In addition, individuals returning to the UK may also be deemed to have a UK domicile from 6th April 2017 or the date of return if after this date, provided they were born in the UK with a UK domicile of origin. 6 years of non-residence will subsequently be required in order to "reset the clock" for the 15 year deemed domicile rule.
All UK resident non-domiciled individuals including those becoming deemed domiciled in April 2017 and paying tax on the remittance basis, will have a window of 2 tax years from April 2017 to rearrange their mixed funds held in overseas/offshore bank accounts, where adequate records have been kept and re-base their non-UK assets for capital gains tax at market value as at 6th April 2017. Unfortunately, this is not available to those returning to the UK as deemed domiciled.
Although designed to hit the very wealthy “non-doms” residing in the UK, this in itself may therefore be enough for the average "non-dom" to decide that being assessed on the arising basis is the cheaper option.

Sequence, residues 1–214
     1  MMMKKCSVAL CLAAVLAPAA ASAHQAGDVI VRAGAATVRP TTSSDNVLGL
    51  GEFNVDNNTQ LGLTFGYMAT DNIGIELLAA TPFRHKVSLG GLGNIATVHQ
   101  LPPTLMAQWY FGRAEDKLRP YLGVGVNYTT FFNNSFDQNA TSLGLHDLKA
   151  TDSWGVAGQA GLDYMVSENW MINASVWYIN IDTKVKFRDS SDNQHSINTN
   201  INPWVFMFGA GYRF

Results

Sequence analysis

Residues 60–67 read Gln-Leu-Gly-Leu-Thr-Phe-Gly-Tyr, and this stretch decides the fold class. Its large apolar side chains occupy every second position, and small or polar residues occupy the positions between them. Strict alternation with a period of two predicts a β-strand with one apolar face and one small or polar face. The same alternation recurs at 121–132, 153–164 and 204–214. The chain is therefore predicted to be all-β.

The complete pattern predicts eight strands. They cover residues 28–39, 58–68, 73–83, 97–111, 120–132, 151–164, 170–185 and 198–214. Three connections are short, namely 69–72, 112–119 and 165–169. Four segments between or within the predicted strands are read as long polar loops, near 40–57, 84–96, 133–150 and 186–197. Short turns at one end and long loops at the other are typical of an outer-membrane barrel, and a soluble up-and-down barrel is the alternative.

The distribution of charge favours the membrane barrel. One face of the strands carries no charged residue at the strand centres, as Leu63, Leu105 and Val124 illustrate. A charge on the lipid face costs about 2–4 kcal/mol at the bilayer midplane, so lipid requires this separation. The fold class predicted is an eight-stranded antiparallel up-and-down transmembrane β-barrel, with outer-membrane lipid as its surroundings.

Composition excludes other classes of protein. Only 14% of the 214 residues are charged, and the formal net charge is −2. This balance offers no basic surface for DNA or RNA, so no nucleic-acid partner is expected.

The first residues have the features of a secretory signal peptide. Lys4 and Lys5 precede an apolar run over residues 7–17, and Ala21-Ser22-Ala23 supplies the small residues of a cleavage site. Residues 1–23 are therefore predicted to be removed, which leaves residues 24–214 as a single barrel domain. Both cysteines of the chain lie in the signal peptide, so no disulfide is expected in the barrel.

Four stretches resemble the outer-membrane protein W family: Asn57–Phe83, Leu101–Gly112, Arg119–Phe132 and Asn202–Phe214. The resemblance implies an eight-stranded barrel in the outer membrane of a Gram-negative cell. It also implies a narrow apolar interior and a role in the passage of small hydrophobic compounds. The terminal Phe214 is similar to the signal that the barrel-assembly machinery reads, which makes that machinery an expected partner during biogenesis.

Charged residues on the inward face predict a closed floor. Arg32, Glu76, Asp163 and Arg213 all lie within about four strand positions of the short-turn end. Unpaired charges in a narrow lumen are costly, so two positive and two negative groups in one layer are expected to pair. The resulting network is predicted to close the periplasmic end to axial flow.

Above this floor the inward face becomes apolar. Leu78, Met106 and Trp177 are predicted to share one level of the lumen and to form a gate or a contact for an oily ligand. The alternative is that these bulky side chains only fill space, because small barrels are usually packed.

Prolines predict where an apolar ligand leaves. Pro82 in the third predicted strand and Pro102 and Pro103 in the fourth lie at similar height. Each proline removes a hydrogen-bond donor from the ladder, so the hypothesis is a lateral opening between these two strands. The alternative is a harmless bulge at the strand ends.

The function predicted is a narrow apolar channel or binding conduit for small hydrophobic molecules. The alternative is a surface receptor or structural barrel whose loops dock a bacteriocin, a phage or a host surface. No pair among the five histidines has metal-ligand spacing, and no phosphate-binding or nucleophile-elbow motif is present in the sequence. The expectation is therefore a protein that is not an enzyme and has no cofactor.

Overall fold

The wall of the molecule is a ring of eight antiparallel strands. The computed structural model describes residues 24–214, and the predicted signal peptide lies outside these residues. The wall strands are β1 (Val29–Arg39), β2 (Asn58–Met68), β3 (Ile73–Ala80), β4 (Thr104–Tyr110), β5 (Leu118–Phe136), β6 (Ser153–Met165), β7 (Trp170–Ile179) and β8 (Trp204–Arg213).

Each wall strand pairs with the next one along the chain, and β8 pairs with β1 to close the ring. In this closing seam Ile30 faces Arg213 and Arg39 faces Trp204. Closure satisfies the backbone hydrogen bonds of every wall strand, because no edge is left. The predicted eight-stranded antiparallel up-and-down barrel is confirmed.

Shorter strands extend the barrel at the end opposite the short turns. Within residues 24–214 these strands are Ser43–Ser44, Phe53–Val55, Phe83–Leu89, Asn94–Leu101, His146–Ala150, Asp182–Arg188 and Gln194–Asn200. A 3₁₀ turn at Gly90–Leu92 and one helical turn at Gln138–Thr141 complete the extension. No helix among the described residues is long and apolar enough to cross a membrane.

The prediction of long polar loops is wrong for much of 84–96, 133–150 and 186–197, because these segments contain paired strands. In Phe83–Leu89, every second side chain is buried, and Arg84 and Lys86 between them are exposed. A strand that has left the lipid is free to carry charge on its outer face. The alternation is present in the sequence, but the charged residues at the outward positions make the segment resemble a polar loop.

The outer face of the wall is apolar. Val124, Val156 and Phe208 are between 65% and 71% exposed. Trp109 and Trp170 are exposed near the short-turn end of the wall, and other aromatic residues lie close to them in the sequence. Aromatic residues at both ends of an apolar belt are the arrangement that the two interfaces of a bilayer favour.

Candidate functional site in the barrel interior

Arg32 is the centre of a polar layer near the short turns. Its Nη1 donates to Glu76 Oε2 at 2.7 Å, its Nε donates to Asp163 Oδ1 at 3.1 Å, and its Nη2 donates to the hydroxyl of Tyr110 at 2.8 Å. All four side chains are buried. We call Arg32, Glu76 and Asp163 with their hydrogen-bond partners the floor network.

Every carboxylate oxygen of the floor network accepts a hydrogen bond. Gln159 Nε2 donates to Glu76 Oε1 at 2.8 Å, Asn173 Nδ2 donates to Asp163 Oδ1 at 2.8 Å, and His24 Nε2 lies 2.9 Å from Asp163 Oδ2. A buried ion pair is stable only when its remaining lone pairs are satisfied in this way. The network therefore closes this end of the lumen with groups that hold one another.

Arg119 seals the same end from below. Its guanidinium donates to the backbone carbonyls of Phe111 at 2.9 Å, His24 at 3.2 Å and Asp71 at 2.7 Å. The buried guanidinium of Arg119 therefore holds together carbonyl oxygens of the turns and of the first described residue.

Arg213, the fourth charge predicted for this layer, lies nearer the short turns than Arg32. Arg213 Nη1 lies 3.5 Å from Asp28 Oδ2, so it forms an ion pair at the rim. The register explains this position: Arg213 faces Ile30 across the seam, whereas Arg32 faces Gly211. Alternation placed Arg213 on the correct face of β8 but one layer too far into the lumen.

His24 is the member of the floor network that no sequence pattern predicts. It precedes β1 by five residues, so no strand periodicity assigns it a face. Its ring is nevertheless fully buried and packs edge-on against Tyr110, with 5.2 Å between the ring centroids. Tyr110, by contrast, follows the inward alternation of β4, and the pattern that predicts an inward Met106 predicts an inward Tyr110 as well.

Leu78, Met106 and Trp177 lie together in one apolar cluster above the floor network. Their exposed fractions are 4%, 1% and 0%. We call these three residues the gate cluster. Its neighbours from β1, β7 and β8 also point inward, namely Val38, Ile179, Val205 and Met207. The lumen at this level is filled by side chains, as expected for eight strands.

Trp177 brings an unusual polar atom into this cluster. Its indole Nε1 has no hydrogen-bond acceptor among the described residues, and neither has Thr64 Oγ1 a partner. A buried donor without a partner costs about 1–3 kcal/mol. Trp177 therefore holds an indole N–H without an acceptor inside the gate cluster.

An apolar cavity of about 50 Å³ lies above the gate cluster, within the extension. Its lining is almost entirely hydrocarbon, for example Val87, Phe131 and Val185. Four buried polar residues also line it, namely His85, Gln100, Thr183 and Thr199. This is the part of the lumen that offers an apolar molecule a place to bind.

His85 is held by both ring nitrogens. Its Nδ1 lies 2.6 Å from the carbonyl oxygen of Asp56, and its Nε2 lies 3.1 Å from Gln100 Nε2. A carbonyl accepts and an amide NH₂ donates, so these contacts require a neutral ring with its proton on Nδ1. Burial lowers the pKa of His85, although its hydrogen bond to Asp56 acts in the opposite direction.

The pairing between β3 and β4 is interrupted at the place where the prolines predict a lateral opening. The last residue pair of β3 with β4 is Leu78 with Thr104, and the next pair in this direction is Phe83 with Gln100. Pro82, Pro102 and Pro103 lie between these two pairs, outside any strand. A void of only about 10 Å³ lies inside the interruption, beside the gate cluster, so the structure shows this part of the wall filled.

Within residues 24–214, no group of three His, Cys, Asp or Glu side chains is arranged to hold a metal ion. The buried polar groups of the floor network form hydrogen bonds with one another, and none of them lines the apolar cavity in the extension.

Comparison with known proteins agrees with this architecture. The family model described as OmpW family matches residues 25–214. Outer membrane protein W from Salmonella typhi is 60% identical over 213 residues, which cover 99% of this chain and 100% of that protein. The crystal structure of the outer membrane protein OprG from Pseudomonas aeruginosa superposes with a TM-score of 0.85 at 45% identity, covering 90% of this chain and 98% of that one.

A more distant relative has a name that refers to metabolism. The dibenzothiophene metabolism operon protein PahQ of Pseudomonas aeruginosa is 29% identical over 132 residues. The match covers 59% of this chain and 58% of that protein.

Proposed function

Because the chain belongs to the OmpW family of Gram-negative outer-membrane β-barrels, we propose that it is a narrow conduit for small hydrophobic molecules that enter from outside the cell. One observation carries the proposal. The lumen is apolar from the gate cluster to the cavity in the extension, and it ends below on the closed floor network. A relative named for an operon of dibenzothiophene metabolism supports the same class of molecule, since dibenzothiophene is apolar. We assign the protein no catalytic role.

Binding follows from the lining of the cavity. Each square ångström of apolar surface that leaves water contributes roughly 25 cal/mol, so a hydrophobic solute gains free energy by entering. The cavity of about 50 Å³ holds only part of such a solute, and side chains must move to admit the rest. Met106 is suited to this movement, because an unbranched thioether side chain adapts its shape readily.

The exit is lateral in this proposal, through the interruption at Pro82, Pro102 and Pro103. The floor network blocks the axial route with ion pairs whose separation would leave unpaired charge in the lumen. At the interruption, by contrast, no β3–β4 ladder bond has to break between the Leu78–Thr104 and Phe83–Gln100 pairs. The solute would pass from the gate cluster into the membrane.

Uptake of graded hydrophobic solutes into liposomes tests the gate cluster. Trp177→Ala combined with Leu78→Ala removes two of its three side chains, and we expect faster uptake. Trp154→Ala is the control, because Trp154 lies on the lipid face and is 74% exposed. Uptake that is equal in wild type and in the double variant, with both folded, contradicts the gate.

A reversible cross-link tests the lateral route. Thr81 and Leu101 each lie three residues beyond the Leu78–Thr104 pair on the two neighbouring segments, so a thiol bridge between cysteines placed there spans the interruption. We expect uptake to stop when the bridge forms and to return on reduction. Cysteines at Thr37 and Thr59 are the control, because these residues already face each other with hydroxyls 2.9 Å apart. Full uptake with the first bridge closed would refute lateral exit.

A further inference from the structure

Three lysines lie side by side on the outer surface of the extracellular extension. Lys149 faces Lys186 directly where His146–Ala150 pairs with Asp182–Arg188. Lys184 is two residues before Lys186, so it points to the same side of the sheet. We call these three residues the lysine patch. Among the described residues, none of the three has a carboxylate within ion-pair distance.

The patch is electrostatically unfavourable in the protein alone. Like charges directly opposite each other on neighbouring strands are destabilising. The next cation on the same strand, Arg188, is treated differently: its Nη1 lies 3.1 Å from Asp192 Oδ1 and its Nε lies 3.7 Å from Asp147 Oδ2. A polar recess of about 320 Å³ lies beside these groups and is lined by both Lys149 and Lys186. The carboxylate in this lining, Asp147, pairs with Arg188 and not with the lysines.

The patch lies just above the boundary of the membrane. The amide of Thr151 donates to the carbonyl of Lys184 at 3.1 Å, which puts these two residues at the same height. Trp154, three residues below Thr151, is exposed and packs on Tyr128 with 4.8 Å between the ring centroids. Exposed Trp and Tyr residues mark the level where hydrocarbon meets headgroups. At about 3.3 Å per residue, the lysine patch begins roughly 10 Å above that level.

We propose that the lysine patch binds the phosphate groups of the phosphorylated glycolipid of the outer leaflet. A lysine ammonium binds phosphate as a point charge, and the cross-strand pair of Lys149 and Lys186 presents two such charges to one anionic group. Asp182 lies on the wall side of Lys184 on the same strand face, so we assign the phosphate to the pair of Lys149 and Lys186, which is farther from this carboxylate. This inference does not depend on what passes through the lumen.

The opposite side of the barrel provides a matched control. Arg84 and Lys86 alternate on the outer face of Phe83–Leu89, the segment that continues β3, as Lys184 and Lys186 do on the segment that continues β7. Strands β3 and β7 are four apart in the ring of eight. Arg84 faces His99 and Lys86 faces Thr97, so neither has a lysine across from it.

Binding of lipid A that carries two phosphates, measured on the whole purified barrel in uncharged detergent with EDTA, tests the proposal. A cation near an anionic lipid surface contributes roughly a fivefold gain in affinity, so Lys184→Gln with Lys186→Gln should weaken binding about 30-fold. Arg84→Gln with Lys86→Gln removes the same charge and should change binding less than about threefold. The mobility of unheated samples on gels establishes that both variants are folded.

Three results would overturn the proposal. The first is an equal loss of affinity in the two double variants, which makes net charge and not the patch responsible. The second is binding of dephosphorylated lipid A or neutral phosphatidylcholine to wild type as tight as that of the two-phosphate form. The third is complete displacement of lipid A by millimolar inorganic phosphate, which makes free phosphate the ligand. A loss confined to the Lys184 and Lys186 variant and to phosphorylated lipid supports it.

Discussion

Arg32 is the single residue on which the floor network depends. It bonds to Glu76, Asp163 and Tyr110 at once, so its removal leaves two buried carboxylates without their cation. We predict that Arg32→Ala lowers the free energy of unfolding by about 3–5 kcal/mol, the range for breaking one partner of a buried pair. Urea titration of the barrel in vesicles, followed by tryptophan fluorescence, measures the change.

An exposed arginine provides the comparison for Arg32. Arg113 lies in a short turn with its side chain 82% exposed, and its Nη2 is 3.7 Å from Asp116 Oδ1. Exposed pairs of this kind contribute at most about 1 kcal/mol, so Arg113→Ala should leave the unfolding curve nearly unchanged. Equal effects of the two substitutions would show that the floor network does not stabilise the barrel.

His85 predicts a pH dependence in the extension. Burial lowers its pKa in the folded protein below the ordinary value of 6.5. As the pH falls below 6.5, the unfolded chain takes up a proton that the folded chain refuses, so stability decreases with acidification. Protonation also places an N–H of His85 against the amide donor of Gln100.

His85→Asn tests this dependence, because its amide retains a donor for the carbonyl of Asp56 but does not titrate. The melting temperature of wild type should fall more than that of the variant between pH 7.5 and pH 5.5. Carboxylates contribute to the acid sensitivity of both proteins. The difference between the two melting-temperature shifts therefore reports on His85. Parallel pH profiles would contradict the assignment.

It is therefore necessary to prepare two comparative tax calculations at the end of each tax year before deciding how to complete your self-assessment tax return. That is, assuming you are confident that you qualify as being non-domiciled in the first place, bearing in mind this could always be open to challenge by HM Revenue & Customs (HMRC).
Bank accounts will need to be correctly set up to segregate and identify income and gains from capital, bearing in mind capital remittances are not taxable, and accurate records maintained regarding the inward and outward movements within the accounts.
Domicile being a concept of law and used in tax law is a complex subject and also has implications for inheritance tax irrespective of one’s residence status. However, the 15 out of the last 20 year rule will replace the current 17 out of the last 20 year rule, bringing inheritance tax in line with income and capital gains tax, the implications being that - where UK domiciled - this will result in one's estate being liable to inheritance tax on worldwide assets and not just UK-situated assets where non-domiciled.
Has your domicile of origin been replaced with a domicile of choice or domicile of dependence? How does your domicile impact on your UK tax liabilities ? It is recommended that an independent professional opinion on your domicile and a review of the implications for UK tax purposes be obtained to help support your claim should HMRC enquire into your tax return.